The ongoing pumpkinification of everything continues, but first let me say something about Pumpkinification. Off the top of my head I'd say that's the name of a satire on the deification of Emperor Claudius, written by Seneca. How do I know this - or rather how do I think I know this? Well, I recently read a piece about the Death of Seneca, who had a rather Rasputin-like end with multiple attempts by his own hand, and the piece mentioned his satire on Claudius. If you'd asked me before reading the article, I'd have said it was by Juvenal. But the article did not use the word Pumpkinification, which I recall from reading the satire, published as an appendix to "I, Claudius" novels - which I read back in 1979. And remembered to this day.
Well, it's actually the Gourdification of Claudius. The Latin word is Apocolocyntosis, a play on Apotheosis, the regrettable tendency of the Senate to deify departed rulers, depending on which faction might need to be placated.
Anyway: the Apocolocyntosis of the Hostess Cakes:
Scary. Because? Because of the terrifying presence of orange, the devilish appending of S' before the Cream, and bats.
Same here, yet they are not scary. They Glo. This replaces "Sno," as in the Snoballs, a disgusting "cake" that feels like you're eating a tennis ball.
He rolls out of the way. Wouldn’t have hit him anyway.
Back at Stately Wayne, a little more cold shoulder for the youthful ward:
Nobody wants to face Dick when they're talking to him. He has horrible halitosis.
Last week, you may recall, they had a henchman down in the Batcave. Well, can’t kill him, drat the luck, so they drive to the police station to turn him in. This requires a trip through the strange, crepuscular night of Gotham City:
Meanwhlie, back the villainous Japanese Mastermind’s lair, he’s considering a new career as a disk jockey:
Good news! The Friends of the League of the New Order - really, that’s the name of the 5th columnists - are bringing in a new shipment of radium, so everything that’s been going on for the last few episodes doesn’t matter. Back at the Stately, sort-of girlfriend Linda finally stops pretending Bruce Wayne isn’t gay. (I edited out a snippet where she’s complaining about his friendship with Chuck White, the low-life from the previous episode, which was actually Bruce in makeup.)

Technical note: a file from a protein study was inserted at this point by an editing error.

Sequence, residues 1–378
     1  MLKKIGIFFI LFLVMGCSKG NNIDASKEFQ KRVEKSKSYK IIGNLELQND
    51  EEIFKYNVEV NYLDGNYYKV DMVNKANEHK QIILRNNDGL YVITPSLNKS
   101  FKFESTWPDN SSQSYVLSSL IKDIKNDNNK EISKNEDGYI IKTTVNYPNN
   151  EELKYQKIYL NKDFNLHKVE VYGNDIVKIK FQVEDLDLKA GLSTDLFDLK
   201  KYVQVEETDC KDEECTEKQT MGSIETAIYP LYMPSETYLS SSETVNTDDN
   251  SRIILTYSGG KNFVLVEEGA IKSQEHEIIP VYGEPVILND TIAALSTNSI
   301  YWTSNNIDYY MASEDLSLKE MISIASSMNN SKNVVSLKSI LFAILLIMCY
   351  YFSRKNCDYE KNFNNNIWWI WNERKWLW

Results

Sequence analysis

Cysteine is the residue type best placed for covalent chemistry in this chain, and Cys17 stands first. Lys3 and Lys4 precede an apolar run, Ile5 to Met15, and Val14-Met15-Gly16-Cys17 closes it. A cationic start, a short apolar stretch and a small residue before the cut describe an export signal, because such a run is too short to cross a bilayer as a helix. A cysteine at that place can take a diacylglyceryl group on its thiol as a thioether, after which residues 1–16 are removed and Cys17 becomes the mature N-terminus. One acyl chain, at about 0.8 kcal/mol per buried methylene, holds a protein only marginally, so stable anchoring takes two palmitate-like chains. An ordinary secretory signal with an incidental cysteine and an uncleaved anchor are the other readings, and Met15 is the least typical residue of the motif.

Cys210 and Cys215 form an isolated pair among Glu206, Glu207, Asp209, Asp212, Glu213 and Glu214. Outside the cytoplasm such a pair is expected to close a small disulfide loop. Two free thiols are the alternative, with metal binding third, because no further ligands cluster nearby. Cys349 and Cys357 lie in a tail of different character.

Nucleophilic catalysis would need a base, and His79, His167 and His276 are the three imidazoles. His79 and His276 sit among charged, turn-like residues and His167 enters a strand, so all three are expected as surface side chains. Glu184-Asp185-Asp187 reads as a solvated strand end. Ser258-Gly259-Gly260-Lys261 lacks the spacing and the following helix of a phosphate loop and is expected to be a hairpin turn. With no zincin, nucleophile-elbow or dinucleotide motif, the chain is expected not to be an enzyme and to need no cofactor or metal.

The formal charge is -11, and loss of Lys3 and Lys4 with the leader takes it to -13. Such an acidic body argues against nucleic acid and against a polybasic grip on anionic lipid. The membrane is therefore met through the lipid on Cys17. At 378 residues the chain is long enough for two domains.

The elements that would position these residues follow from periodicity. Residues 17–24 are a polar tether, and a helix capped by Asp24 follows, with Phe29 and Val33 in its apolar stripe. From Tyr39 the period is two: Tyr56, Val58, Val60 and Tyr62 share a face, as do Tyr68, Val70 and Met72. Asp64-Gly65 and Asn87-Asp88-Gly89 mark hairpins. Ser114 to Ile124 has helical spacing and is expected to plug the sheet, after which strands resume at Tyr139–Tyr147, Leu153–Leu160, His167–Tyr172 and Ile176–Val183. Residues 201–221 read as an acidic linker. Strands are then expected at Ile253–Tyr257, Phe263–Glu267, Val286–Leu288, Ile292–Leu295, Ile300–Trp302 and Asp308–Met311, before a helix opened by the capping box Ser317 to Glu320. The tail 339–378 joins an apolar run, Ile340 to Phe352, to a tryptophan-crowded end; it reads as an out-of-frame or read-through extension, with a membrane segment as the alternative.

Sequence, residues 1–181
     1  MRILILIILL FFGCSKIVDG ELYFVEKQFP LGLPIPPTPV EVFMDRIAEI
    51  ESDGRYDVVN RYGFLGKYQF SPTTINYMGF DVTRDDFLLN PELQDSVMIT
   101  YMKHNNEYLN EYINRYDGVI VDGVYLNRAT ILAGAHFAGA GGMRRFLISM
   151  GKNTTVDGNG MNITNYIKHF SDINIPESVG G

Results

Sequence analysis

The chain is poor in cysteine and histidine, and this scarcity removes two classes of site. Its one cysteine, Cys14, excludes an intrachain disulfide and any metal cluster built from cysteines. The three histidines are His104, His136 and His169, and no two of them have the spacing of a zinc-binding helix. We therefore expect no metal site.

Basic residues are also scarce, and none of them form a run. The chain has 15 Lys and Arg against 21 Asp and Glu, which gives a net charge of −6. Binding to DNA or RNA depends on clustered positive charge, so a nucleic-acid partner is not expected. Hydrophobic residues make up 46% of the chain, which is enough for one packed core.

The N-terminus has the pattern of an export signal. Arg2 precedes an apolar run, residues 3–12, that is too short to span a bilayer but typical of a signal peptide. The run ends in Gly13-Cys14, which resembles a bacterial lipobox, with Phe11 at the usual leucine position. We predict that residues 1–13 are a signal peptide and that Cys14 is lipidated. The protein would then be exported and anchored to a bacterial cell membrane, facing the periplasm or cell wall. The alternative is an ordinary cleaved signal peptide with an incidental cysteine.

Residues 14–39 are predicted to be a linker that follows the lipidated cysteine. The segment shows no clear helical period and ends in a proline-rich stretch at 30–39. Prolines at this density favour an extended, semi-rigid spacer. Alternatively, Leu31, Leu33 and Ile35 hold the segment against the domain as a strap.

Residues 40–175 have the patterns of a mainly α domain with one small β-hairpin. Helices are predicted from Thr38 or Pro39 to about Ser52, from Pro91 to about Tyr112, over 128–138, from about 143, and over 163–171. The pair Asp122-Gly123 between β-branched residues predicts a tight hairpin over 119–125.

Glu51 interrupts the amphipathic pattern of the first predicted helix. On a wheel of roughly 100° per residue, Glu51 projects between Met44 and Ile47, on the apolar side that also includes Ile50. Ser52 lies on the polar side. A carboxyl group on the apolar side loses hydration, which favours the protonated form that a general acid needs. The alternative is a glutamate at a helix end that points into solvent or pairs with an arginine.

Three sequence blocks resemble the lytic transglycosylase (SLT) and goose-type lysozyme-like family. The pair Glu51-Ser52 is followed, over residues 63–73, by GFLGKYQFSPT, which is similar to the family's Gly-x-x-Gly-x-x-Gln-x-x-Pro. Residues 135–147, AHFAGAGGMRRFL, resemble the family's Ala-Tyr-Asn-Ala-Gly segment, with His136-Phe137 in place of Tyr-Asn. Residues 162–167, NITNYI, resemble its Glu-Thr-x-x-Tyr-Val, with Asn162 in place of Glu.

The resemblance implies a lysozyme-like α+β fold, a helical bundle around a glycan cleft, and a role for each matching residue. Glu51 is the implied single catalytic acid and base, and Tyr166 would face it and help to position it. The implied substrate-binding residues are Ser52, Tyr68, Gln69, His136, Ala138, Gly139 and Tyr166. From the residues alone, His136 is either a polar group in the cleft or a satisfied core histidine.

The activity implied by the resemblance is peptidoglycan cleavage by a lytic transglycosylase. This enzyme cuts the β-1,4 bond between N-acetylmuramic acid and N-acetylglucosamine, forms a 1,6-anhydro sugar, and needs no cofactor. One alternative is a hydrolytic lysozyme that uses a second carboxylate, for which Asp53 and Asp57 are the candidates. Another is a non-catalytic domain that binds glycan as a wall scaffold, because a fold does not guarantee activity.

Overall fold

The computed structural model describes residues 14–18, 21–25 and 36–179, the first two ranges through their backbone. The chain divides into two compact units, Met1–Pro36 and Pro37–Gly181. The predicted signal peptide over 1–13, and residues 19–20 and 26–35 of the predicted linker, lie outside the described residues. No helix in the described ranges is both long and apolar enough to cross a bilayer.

And then his stashed rent-boy comes out of his hiding place.
Bruce gets a message from Washington that stolen radium is on the way, which of course the government can’t do anything about, entrusting it to a vigilante playboy. ruce decides it’s not a job for Batman, though: it’s a job for Chuck White. So that’s . . . Batman’s alter ego? I don’t know. This isn’t the Batman who shows up and growls at lower minions to get the information he wants. He’s just the Batman that shows up and gets the crap kicked out if him.
Chuck / Bruce end up in another drab room, like all the other drab rooms in all the other serials. It’s in the Serial Hotel on Serial Street.
He’s brought here so the villainous Japanese Mastermind can look at him through the eyes of a painting on the wall and decide he is nothing more than a “cheap gangster type.” Which counts as an atta-boy in his world, I guess. They take him along to get the radium, which will be dropped from the air, because nothing says “inconspicuous” than a parachute deployment in the middle of a field. Bruce finds a way to screw up his cover and get into a fight, but he escapes and signals Robin, who followed with Alfred.
But how will the criminal get the radium out of the plane without discovery? Elementary:
Wait for the stew to go, then go back to the bathroom, and . . .
Those were the days! You could smoke on a plane, bring a gun, and break out the window in the bathroom if you’d really stunk the place up. So Batman and Robin get on the scene and get the radium, but unfortunately Batman is a really, really bad driver.
This may be the first eel-induced cliffhanger I’ve ever seen.
Don’t fail to see A Nipponiese Trap of Batman! Coming to this spot next week.
Work blog around 12:30, maybe - big column & interview day tomorrow. Tumblr around noonish or so - see you then!